Standard open common data format (CDF) for power systems


Hi, first post in this forum!

I’m wondering how close (or far) we are to a truly standard, common data format (CDF) for describing power systems? The IEEE CDF is outdated and it looks like the raw PSS/E format is unofficially recognized as the “standard” data exchange format between commercial softwares.

I’ve found a lot of information on CDF’s for energy models (i.e.: Do-a-thon: Draft for ‘energy’ datapackage standard (?)), some for transient data (IEEE C37.111), but not much for the power system detailed description.

Is there already an open standard being discussed? Is there already an open CDF modders should aim to integrate to their applications to facilitate data exchange between modelling softwares? If so please let it not be XML…

For example I’m currently developping a software that extracts a network’s information from an excel file, builds a SQLite3 database (my custom format, tailored for my specific needs), and converts it to PyPSA, GridCal and PSS/E to either run simulations using these tools or simply exchange in what appears to be the current CDF in use (PSS/E). A truly standard open CDF would greatly simplify development and hopefully enforce sane practices (ex.: no storing of calculated data in the CDF). It would allow me to very easily add other open modelling softwares to the mix, without having to spend hours converting from one data format to the other.

Ideally the standard should cover both the data structure (ex.: buses, branches, transformers, generators) and the file format (ex.: JSON, SQLite3). That way each modelling software could develop a simply conversion utility between the CDF and their internal structure, required for their needs (ex.: python object for each element).

Thank you.

Michel Lavoie


Hi @Miek I am not very familiar with data standards for power systems, but where does the common information model (CIM) for electric power systems fit? And did you look at the ontologies page on this site for clues? Also Medjroubi et al (2017)? HTH, R.


Medjroubi, Wided, Ulf Philipp Müller, Malte Scharf, Carsten Matke, and David Kleinhans (2017). “Open data in power grid modelling: new approaches towards transparent grid models”. Energy Reports. 3: 14—21. ISSN 2352-4847. doi:10.1016/j.egyr.2016.12.001.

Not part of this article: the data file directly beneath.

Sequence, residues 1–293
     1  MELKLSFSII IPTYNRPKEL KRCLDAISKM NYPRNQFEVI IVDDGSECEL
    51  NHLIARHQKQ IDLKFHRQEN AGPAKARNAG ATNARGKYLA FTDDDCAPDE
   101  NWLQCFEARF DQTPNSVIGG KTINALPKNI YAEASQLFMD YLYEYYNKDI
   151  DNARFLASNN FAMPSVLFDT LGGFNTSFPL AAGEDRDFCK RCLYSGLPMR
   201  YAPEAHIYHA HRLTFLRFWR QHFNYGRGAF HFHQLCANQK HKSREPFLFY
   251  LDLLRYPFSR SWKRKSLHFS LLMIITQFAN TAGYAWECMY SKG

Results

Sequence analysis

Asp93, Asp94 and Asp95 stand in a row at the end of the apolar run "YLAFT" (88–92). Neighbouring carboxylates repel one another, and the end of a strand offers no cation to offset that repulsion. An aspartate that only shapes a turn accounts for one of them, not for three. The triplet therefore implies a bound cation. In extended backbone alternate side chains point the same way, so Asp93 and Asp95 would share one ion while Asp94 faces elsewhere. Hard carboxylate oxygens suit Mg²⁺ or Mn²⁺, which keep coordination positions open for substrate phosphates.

Thank you Robbie, I didn’t know about the IEC CIM. It does appear to be what I was looking for, except for not being open (and using XML for data exchange). I found this API for Python but it’s unfortunately no longer maintained and the link to the doc is dead: PyCIM

I rather liked this presentation from Hawaiian Electric and Open Grid Systems. They clearly demonstrate how a common data format can reduce conversion headache.

I’ll try to have a look at the IEC CIM standard if I can get my hands on it, but I think its price is going to be prohivitive for me.



Hi @Miek The Linux Foundation have been talking to ENTSO‑E about the use and development of open source software for grid operations. As that initiative proceeds, it will almost certainly be supplemented by the development of open standards for data interchange. This will be a multi‑year project though. Whether the accompanying data will also be open is another matter. I spoke to Mike Dolan, Linux Foundation some months back and data is not part of their current discussions.

To formalize this, the Linux Foundation launched LF ENERGY in July 2018 with French transmission system provider RTE. ENTSO-E hosted an introductory event in August 2018.

A promotional video on the LF ENERGY site talks about a “common grid model”. You could email Shuli Goodman, Executive Director, LF Energy Foundation for an update.